After a rocky start with the Pixel 1 (which remains one of the ugliest phones made this decade), a big—but still not fully realized—improvement on the Pixel 2, the Pixel 3 came out and finally made good on Google’s homegrown phone initiative. And unlike phones from Samsung or Huawei, the Pixel 3 achieved this not by hitting users over the head with tons of cameras or far-out hardware; it did it in the most Google way possible: With nifty software, intuitive design, and AI-powered smarts.
But at the same time, the Pixel 3 is also one of the most frustrating phones of the year, because, for all of its upgrades and additions, it’s not difficult to see a number of small tweaks that would have made it so much better. And if you step back and look past the Pixel 3 itself, there are a lot of issues that show Google still has a long way to go before it can truly call itself a world-class phone maker.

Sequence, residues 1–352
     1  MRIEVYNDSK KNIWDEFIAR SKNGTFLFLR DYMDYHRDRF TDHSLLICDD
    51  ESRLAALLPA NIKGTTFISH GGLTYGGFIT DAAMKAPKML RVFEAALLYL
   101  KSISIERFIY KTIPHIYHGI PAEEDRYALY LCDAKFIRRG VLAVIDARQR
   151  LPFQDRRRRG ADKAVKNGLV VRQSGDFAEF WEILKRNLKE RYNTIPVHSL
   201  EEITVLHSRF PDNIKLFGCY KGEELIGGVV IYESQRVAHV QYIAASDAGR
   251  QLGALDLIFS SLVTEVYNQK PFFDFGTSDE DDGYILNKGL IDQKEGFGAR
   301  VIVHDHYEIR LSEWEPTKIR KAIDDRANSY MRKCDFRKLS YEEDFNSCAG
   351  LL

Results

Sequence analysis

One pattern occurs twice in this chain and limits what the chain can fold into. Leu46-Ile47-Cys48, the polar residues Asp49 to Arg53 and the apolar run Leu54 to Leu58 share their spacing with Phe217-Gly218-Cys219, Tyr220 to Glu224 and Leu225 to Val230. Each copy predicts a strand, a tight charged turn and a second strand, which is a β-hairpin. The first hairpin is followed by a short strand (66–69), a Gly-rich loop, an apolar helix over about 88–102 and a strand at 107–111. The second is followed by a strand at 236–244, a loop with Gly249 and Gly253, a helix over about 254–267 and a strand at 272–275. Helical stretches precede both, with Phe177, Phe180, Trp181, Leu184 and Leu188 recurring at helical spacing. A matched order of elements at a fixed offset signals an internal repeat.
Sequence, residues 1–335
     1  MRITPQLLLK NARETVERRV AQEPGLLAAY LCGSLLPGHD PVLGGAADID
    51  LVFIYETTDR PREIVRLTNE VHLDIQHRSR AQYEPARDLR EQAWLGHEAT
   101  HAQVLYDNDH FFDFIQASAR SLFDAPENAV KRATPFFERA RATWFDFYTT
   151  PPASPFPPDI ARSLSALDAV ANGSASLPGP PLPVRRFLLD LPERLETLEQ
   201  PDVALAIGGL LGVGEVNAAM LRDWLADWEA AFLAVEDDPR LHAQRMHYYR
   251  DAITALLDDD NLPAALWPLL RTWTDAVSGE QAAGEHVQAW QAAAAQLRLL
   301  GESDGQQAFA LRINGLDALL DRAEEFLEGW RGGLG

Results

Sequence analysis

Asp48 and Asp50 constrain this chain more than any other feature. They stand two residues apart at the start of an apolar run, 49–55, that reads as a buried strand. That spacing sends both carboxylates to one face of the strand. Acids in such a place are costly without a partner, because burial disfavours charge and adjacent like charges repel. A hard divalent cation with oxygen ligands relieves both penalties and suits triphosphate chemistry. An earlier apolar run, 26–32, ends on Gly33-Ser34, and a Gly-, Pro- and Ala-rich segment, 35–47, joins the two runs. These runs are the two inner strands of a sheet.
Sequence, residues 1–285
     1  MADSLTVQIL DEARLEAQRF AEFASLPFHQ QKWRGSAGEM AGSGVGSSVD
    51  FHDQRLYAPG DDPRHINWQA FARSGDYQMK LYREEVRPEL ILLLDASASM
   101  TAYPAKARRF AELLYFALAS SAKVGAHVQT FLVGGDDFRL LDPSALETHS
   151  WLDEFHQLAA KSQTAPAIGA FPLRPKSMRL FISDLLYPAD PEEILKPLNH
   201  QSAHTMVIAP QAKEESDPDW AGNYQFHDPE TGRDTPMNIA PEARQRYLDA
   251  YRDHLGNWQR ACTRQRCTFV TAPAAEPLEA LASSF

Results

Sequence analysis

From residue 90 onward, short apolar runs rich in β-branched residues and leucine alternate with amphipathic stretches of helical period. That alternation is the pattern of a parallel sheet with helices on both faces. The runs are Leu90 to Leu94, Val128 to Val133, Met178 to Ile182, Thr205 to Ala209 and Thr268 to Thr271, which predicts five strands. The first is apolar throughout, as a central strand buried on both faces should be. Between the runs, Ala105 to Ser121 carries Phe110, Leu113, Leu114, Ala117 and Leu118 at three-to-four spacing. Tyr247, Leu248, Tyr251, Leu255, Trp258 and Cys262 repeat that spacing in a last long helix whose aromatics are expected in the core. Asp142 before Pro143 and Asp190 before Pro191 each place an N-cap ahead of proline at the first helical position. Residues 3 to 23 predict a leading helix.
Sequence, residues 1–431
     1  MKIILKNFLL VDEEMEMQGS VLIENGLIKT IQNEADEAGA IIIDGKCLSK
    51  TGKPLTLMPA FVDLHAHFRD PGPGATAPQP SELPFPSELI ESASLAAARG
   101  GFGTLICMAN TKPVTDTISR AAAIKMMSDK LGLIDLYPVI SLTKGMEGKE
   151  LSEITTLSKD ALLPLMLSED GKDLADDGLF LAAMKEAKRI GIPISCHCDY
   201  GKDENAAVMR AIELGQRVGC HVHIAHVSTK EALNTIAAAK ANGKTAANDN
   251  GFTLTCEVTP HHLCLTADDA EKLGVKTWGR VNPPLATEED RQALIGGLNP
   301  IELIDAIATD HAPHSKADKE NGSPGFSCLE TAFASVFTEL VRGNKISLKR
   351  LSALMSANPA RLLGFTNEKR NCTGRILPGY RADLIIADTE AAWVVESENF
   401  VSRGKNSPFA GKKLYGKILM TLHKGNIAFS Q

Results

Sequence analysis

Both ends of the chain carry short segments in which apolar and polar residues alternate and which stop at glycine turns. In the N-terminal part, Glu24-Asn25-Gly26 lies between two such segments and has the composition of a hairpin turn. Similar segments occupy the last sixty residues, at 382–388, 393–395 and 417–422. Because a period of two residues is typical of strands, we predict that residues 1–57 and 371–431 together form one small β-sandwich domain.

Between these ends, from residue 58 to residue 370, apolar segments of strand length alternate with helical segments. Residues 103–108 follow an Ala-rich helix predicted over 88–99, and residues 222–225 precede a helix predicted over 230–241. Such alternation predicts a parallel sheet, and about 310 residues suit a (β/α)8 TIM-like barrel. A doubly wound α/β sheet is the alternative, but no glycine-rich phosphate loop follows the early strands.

If you just look at the Pixel 3's specs, its price doesn’t make any sense. Sure, you get a Snapdragon 845 processor, which is the same chip found in every other flagship Android phone. But both the standard $700 Pixel and the $750 Pixel 3 XL—which have already been discounted $100 to $250 in the three months since its launch—only get 4GB of RAM.
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